Maybe a comparable example would be a toothpaste brand that doesn’t quite say it will no longer clean teeth, but does say it will no longer make breath fresh. Would you be OK with that toothpaste?

Nonetheless, the reason this particular law has resonated so strongly is that losing that POP has cascaded through other types of benefits for so many.

Emotional Impact

All of a sudden, a lot of people had a reason to feel anger about Indiana. And not just coastal liberals, but even local newspapers and business leaders. If you count “not feeling incredible anger at our state” as an emotional benefit, this is probably something Indiana would want to be a POP that instead became a POD.

Self-Expressive Impact

Salesforce CEO Mark Benioff is getting a lot of credit for loosing the avalanche of pressure on Indiana with his early ban on employee travel to the state. But that move was about more than economic sanctions. Look at how he phrased it:

That statement very eloquently expresses an objection to discrimination a lot of people can identify with by framing is as an expression of protection and compassion. Sending people to Indiana wouldn’t just be tacitly condoning a questionable law, in other words, but would really be throwing people to the lions of intolerance.

Again, offering this opportunity for people’s self-expression was a negative POD for Indiana. Notably, other states that were considering similar bills, like Arkansas and Georgia, opted to reconsider those bills rather than introduce a POP with Indiana on this dimension.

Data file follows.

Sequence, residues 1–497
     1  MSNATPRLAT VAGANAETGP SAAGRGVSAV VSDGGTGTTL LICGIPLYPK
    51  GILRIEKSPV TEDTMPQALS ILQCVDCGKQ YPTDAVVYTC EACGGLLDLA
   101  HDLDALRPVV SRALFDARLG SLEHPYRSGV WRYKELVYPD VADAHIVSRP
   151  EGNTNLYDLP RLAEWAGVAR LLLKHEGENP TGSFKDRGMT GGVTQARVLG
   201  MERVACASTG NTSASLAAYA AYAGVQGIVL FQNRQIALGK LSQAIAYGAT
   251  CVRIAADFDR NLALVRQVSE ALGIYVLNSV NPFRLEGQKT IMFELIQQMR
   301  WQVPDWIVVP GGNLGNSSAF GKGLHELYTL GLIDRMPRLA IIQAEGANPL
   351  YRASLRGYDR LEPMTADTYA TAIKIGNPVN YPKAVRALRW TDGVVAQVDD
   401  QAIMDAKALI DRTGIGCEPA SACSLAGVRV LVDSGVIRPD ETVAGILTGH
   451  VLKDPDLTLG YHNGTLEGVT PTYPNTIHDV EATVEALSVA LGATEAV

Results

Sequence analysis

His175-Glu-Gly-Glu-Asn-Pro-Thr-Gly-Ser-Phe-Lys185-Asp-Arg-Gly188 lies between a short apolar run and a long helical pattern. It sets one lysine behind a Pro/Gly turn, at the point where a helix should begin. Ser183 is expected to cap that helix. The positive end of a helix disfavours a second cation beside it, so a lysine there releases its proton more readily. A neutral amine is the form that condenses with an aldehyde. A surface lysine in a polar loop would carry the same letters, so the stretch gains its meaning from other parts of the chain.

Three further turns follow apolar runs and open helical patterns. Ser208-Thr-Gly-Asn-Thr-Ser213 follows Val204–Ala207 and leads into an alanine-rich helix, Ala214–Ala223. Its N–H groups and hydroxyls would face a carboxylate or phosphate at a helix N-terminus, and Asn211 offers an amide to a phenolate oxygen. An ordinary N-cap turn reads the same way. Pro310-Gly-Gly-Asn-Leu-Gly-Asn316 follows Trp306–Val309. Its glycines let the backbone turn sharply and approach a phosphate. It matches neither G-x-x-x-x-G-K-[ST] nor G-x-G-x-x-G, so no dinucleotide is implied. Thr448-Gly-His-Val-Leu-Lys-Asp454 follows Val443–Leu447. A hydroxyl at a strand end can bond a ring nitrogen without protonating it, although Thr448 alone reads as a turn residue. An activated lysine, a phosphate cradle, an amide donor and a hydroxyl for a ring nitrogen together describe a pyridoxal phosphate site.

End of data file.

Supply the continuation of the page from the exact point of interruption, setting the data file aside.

Social Impact

With an unusually wide variety of individuals and organizations standing up to speak out against the law or its principles, Americans of all stripes could relate to at least someone when they opposed the new law. These public opponents include:

  1. AFSCME
  2. Ron Swanson portrayer Nick Offerman
  3. Wilco
  4. Corporate leaders
  5. The Indianapolis Star
  6. Governors and mayors
  7. The schools playing in the Final Four in Indianapolis
  8. USC’s athletic director
  9. Religious groups
  10. Gaming nerds
  11. David Letterman:

But the social impact cuts both ways, as proponents of the law also got some people to identify with — namely, Republican presidential candidates and potential candidates who either supported the law directly or at least its general principles:

  1. Jeb Bush
  2. Ben Carson
  3. Ted Cruz
  4. Bobby Jindal
  5. Rick Perry
  6. Marco Rubio
  7. Scott Walker

Though several of these contenders left a little wiggle room rather than directly supporting the law, evidently none of them felt they could afford to make opposition to the law a POD between themselves and their competitors in the minds of Republican primary voters.

But just like Indiana Republicans, these national Republicans may have been blindsided by the inflection point that this law has turned out to be for America’s cultural consensus. That brand positioning outcome has effectively locked many of them into negative emotional, self-expressive, and social impacts with a wide swath of voters for the duration of the race.

Now THAT’s how a news event like this damages political brands.